BERLIN (Reuters) - Germany said on Monday if media reports of large-scale U.S. spying on the European Union were confirmed, it would be unacceptable Cold War-style behavior between partners who require trust to forge a new transatlantic trade area.
"If it is confirmed that diplomatic representations of the European Union and individual European countries have been spied upon, we will clearly say that bugging friends is unacceptable," said Chancellor Angela Merkel's spokesman, Steffen Seibert.
"We are no longer in the Cold War," he said.
Berlin felt surprised and "alienated" by the reports and had conveyed this to the White House and Merkel would speak to U.S. President Barack Obama directly about the issue soon, he said.
Fury among America's allies over former U.S. spy agency contractor Edward Snowden's revelations of secret surveillance programs were exacerbated this weekend by a German magazine report that the NSA had tapped communications at EU offices in Washington, Brussels and at the United Nations.
U.S. Secretary of State John Kerry said most governments use "lots of activities" to defend their interests.
According to Der Spiegel, the NSA taps half a billion phone calls, emails and text messages in Germany in a typical month, much more than any other European peer.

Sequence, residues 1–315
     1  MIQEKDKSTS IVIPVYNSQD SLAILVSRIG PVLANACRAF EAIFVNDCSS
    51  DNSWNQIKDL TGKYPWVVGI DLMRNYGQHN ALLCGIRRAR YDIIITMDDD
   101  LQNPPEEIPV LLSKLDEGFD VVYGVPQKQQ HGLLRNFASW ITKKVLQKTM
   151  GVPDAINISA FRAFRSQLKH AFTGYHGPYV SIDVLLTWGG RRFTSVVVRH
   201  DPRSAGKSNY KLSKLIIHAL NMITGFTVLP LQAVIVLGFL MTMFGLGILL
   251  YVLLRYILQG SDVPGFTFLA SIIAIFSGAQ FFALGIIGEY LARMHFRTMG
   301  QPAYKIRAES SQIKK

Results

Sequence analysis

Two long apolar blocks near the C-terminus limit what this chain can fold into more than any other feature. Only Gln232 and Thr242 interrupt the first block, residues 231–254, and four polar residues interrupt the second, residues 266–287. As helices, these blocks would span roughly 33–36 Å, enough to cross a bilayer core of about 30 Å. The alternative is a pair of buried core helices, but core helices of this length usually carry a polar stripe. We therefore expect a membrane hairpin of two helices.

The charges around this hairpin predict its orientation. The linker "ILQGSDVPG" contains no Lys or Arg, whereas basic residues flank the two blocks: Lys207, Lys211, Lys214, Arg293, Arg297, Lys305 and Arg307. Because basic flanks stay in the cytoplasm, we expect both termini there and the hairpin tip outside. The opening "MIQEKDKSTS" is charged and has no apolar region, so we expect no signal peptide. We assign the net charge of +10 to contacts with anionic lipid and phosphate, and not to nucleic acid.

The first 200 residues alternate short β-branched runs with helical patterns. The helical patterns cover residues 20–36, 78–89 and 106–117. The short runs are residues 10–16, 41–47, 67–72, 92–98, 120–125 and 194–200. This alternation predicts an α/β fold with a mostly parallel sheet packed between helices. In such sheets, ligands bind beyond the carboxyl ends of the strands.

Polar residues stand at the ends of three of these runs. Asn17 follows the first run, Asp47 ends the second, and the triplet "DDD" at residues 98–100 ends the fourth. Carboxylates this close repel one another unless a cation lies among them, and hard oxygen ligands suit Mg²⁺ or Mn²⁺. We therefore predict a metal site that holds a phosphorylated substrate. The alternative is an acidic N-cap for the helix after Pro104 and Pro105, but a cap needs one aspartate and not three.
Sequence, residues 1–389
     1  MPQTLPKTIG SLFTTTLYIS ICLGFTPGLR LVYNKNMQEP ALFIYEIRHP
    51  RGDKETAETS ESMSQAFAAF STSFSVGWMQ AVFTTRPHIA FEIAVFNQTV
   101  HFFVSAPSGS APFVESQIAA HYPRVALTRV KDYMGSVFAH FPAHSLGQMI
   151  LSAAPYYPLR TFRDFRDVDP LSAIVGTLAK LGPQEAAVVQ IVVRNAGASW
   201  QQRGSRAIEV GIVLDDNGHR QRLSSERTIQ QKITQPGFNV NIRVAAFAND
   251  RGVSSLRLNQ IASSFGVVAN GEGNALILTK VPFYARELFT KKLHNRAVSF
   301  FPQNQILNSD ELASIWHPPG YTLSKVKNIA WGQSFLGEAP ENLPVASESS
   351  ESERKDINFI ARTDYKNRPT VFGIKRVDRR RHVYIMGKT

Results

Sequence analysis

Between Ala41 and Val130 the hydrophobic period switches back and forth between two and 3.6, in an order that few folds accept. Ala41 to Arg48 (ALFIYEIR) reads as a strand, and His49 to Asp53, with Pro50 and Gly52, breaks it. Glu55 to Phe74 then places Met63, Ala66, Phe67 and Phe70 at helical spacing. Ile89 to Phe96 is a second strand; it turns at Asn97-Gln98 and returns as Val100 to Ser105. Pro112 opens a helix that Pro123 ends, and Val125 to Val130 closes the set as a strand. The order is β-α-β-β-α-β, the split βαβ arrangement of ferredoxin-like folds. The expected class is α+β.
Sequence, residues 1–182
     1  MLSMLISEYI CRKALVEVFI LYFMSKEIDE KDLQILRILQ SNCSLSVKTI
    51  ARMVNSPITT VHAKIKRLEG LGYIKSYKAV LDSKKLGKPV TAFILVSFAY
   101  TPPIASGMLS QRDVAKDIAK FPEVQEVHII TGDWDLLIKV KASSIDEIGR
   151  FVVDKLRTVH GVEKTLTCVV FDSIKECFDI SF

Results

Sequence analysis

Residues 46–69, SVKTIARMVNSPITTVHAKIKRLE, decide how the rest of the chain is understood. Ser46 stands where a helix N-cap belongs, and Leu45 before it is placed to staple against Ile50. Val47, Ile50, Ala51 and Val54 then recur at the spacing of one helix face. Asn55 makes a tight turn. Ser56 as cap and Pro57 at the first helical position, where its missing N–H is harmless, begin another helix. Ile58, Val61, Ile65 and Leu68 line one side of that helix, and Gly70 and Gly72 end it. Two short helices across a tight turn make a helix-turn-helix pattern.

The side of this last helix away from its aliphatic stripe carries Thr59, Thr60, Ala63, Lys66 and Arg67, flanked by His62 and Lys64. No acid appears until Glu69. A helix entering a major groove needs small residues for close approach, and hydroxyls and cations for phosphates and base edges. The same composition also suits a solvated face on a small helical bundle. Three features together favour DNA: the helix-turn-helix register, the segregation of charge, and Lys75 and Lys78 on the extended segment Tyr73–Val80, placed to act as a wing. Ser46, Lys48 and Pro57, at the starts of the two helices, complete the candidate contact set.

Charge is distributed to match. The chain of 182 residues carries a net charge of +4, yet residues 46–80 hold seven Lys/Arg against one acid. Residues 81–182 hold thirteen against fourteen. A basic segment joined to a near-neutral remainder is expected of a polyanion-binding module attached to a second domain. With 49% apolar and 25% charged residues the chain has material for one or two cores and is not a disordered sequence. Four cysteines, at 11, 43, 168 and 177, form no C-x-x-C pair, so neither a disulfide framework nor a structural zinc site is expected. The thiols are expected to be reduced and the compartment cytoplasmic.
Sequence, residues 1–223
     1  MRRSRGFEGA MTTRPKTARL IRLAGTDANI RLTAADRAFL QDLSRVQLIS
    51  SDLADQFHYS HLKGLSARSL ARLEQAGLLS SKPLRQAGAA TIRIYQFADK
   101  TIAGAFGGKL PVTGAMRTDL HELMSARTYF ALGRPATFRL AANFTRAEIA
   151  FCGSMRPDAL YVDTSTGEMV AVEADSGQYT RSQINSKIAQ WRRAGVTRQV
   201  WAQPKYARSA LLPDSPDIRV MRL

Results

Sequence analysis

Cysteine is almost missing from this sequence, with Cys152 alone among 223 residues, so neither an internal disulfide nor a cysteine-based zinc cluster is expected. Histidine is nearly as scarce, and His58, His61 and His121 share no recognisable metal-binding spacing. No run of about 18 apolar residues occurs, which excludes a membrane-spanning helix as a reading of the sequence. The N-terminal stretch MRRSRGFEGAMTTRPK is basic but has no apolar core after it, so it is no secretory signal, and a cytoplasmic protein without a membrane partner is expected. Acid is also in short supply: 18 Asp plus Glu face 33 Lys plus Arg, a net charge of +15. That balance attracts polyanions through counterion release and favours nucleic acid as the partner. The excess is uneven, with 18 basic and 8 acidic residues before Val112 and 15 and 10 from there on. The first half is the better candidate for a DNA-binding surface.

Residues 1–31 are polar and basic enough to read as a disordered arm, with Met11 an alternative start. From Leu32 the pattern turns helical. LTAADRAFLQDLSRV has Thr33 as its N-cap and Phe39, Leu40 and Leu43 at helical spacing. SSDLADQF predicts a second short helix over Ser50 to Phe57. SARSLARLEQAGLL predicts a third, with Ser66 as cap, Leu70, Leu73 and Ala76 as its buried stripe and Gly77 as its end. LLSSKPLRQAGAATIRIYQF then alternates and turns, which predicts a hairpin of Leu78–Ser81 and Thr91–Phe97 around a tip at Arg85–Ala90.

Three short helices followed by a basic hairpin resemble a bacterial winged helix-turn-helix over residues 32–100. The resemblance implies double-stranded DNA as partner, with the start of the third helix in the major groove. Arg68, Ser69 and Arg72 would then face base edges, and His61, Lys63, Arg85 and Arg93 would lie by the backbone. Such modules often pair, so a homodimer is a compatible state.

The European Union has demanded an explanation and Germany's Foreign Ministry has summoned the U.S. ambassador to discuss the revelations later on Monday, officials said.
EU politicians say talks between Brussels and Washington about creating the world's biggest free-trade area could even be at risk. Germany wants such a deal, which would foster growth and job creation on both sides of the Atlantic, Seibert said.
But he added that "mutual trust is necessary in order to come to an agreement. We must negotiate on the agreement in an atmosphere of trust and on a level playing field and that is the atmosphere that needs to be created."
Seibert brushed aside a suggestion by the opposition Greens that the EU should provide a safe haven for Snowden.
Juergen Trittin, parliamentary leader of Germany's third biggest party, said 30-year-old Snowden "should get safe haven here in Europe because he has done us a service by revealing a massive attack on European citizens and companies".
Additional reporting by Michelle Martin and Gernot Heller; Writing by Stephen Brown; Editing by Alison Williams